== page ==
And it doesn’t come in by the lungs. That’s what they see, all but the dear, desperate man next to you who writhes and chews his gag as he watches. The others see it in the air because that’s the only way a monkeybrain can perceive it.

It needles in through the pores and moves between skin and muscle like a skinner’s knife, until it finds ten thousand tiny amorphous blobs running through your flesh; it looked like gas and felt like fishhooks and now it becomes sparks running electrochemical wires, ecstatically leaping the gaps ‘tween the nerves.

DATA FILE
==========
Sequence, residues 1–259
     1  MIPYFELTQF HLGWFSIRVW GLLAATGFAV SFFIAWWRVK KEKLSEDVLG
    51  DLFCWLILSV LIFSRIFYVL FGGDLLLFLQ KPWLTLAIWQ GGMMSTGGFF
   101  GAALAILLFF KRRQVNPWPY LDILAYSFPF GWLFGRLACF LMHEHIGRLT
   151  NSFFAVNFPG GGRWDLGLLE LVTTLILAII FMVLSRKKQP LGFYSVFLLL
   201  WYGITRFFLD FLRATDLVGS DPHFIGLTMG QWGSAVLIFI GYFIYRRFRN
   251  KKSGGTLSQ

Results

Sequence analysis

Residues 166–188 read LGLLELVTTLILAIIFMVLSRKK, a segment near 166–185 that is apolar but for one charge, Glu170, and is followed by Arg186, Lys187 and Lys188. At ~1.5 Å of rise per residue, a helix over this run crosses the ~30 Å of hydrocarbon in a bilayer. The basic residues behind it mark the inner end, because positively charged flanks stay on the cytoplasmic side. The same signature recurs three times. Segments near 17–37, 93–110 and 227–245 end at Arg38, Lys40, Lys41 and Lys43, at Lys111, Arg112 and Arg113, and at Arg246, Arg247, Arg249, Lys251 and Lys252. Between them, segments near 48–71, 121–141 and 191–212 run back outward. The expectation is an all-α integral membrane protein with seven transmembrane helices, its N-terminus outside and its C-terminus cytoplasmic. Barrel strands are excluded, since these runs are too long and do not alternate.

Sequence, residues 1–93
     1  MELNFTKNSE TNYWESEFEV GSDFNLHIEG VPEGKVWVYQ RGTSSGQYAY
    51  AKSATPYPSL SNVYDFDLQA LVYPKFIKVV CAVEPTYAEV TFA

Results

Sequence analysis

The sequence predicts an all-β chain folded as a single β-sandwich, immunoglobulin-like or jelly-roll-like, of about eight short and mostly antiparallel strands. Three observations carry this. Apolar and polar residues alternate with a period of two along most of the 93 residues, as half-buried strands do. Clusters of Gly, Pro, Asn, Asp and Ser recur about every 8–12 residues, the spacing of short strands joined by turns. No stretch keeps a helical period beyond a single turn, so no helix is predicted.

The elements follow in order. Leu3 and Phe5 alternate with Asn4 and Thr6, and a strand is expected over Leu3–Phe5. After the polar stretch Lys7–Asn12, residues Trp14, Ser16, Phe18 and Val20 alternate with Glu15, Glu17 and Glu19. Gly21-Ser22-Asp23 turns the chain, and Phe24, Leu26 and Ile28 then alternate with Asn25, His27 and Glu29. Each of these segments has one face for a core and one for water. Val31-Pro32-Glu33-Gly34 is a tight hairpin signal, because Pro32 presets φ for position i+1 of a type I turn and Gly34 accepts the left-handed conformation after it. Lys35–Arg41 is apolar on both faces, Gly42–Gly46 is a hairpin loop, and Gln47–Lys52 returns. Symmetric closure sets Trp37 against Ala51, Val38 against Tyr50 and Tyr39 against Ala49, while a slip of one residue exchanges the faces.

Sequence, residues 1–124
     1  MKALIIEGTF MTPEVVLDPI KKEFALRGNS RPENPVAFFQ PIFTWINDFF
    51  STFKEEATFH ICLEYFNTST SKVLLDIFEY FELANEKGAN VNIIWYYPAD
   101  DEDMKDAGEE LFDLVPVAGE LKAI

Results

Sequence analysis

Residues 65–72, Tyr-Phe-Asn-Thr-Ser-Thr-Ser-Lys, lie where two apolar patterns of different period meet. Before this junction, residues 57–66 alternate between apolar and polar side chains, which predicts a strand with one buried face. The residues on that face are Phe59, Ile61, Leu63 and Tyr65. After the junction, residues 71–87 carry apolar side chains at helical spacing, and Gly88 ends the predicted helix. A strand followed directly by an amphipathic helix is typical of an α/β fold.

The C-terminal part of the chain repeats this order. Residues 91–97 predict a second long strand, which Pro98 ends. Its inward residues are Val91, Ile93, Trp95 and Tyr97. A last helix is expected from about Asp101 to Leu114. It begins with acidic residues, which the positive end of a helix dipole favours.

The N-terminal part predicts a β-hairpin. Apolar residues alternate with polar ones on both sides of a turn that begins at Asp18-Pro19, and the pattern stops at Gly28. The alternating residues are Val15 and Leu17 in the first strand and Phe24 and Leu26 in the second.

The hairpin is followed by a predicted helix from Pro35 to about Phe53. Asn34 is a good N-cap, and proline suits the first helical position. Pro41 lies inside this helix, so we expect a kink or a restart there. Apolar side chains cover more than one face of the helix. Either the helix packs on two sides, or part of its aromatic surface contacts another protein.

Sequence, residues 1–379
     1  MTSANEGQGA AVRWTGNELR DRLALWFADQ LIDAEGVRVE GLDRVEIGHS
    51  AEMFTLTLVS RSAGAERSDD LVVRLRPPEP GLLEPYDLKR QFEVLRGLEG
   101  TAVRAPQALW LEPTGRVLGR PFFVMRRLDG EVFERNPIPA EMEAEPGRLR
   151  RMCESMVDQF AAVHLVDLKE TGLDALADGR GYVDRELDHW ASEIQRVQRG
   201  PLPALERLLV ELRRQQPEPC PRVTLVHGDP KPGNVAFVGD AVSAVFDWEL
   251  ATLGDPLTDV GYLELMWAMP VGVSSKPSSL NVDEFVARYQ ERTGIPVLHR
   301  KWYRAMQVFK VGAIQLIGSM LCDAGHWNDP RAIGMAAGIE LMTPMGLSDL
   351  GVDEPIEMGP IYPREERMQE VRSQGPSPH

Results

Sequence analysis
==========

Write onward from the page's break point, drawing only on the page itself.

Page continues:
And your brain isn’t supposed to feel pain, but it’s like someone set off a blasting cap in the brainmeat of your limbic system. You feel it in your nose, a head full of static, the world goes bright white. Your skin slicks with fear-panic animal sweat and your bladder looses. The others hear your soul exit as a scream; only your dear, helpless man sees it hover over your body momentarily—a long-tailed bird the density and hue of coming rain in a distant sky.

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